10 Reasons You Need to Drop Everything and Build a Fort… Right Now

One time, as a child, I built a fantastic fort that withstood four New England winters.

I was so proud of it! I would spend entire afternoons holed up in that sacred place. I’d get lost in an imaginary world, or while away the hours lost in a favorite book. I’d love to know how many books were read in that space!

Of course, my brothers and I built many forts over the years, both indoors and outdoors, but the outdoor forts reigned supreme. Continue reading 10 Reasons You Need to Drop Everything and Build a Fort… Right Now

50 Ways to Fight Nature Deficit Disorder This Fall and Winter

You can’t go very far these days without hearing about Attention-Deficit/Hyperactivity Disorder (ADHD), but have you heard of Nature-Deficit Disorder?

In his best-selling book Last Child in the Woods: Saving Our Children from Nature-Deficit DisorderRichard Louv explores research linking children’s health and well-being to direct exposure to nature.

The reality is, nowadays, our children are better able to identify jungle and zoo animals than the animals that reside in their own backyard.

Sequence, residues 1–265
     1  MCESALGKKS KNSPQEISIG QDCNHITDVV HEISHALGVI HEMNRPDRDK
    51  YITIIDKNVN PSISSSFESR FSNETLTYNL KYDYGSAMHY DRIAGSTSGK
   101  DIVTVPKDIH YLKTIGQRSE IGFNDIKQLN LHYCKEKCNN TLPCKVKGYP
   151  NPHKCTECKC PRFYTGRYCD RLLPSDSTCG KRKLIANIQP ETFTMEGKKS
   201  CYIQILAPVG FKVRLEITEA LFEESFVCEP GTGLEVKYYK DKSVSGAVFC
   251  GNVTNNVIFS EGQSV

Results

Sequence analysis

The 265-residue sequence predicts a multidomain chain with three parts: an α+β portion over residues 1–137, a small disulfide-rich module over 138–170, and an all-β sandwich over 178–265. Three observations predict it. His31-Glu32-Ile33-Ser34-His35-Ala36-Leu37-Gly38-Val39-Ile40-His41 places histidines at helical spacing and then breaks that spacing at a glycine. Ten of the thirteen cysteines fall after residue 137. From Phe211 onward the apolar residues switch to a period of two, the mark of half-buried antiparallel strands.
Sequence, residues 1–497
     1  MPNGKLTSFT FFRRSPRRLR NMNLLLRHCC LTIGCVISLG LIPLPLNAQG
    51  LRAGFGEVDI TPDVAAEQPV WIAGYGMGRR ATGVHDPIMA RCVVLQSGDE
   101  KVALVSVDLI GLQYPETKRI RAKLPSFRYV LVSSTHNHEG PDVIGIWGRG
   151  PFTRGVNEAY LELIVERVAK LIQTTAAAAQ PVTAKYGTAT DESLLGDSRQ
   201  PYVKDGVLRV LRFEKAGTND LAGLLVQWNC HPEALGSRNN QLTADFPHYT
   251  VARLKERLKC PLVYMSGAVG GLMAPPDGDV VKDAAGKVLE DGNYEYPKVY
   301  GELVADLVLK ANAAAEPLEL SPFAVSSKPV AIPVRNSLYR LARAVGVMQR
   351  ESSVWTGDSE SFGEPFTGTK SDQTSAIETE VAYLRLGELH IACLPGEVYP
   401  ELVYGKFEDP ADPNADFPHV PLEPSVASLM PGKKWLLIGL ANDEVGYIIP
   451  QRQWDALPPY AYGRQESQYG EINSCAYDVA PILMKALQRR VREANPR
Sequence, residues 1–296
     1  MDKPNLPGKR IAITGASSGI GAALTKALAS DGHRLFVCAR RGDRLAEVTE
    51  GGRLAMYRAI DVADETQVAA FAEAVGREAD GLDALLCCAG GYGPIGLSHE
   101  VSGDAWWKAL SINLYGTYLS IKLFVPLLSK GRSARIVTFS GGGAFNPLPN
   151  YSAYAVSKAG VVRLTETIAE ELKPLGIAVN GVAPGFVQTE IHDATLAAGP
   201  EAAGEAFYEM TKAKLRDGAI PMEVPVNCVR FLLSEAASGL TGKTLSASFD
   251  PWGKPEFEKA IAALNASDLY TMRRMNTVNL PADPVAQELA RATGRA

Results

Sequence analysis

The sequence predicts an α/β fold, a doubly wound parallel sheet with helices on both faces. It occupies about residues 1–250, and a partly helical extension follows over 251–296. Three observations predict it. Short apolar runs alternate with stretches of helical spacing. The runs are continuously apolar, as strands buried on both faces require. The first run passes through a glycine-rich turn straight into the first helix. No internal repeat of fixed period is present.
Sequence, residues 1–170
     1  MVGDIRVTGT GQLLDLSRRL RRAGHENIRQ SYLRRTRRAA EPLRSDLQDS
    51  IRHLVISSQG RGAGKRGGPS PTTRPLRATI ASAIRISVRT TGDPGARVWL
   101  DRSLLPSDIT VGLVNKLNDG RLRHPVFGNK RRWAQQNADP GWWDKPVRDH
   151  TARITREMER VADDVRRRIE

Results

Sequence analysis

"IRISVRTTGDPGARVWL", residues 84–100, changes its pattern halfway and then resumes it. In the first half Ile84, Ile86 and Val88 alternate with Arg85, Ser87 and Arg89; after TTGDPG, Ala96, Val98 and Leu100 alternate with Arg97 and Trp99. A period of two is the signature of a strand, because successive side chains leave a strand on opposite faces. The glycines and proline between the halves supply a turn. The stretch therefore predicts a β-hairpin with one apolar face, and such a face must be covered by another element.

In this age of screens, our nation’s children are not getting out there and this has a direct impact on their health and happiness. And, lest you think nature only benefits children, Louv shares the benefits for adults in his book, The Nature Principle: Reconnecting with Life in a Virtual Age.

After reading Louv’s books, you won’t want to come inside. Louv uses research to show the many benefits of time spent in nature, including: Continue reading 50 Ways to Fight Nature Deficit Disorder This Fall and Winter

My Favorite Drug Commercial Ever

When you live in the mountains of Colorado, the views outside the window tend to keep life in perspective. But we’ve lived in many other amazing locations, following my husband’s job across the country. We’ve found breathtaking parks and outdoor areas in every single state we’ve lived in. With an archaeologist for a husband, and four kids to raise, I’ve found myself outside a lot.